A contour, not the limit
I refer to the article of in Business Standard by Ajay Chhibber titled, “A minefield of issues” (April 9). I cannot agree with the conclusion of his article that the terms of reference to the 15th Finance Commission might undermine the positive momentum towards cooperative federalism.
The first issue according to him is the directive to the Commission to use the 2011 Census rather than the 1971 Census. He has referred to some difficulties that it would create notable being the growth of population in the South and even in West Bengal being lower than in other states which will get the more successful states less allocation. The second issue is the direction to the Commission to consider the higher devolution of resources to the states. The third issue is to consider the expenditure by states on populist measures. He asks what is populist. The final issue is that the Commission has been asked to find ways to encourage the “ease of doing business”.
I wonder how one can say that considering all these references can lead to any adverse effect on the cooperative federalism. I agree that the issues referred to the Commission are indeed very complicated. But the Commission gives a very wide chance to the states to represent their views. Population issue is only one of the issues and it is to be seen along with the emigration of interstate population. If the 1971 Census (47 years old) was allowed to be the basis, it would have been itself a source of rigidity. Moreover the Commission can always use any other rational criterion. The terms of reference is only the contour and is not a limit. An unilateral decision by the Central government would have gone more against the concept of cooperative federalism.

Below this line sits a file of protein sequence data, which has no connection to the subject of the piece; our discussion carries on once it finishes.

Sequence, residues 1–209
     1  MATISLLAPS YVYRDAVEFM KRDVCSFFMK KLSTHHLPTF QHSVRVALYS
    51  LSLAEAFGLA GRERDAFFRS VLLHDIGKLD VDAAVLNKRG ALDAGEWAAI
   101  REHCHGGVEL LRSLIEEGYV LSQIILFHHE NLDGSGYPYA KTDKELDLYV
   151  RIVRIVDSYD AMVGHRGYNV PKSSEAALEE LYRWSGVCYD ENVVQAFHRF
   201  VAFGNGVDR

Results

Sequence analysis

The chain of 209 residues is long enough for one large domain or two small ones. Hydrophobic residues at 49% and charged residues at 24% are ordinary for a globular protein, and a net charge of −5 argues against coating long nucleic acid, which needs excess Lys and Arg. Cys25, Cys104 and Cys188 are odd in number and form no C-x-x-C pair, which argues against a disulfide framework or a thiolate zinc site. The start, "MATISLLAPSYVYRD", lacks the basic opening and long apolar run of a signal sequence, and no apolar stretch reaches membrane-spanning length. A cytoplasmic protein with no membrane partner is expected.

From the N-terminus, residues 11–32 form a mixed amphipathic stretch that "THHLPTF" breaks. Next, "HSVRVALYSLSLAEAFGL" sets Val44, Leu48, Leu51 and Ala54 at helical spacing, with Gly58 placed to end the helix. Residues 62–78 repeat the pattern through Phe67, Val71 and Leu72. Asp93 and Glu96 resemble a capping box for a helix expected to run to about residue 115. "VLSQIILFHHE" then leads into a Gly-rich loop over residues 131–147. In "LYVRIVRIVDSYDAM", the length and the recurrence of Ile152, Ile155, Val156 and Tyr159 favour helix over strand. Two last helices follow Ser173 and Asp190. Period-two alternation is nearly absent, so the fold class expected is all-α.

Sukumar Mukhopadhyay New Delhi
Ajay Chhibber responds:
If terms like populism are to be added to the ToR's of the Finance Commission why not also include cronyism. Farm loan waivers are considered populist but then what about the lakhs of crores written off in state banks from willful default by well-connected corporate borrowers. Should the Finance Commission be asked to look into these huge costs to the taxpayer out of the Union budget. Or for that matter the costs of loss making PSUs like Air India.
The ToRs of the Finance Commission, in the spirit of growing cooperative federalism need to be written in a less top-down directive and more neutral manner. That said I am hopeful the competent and experienced members of the Commission will provide recommendations and solutions that will take the country forward.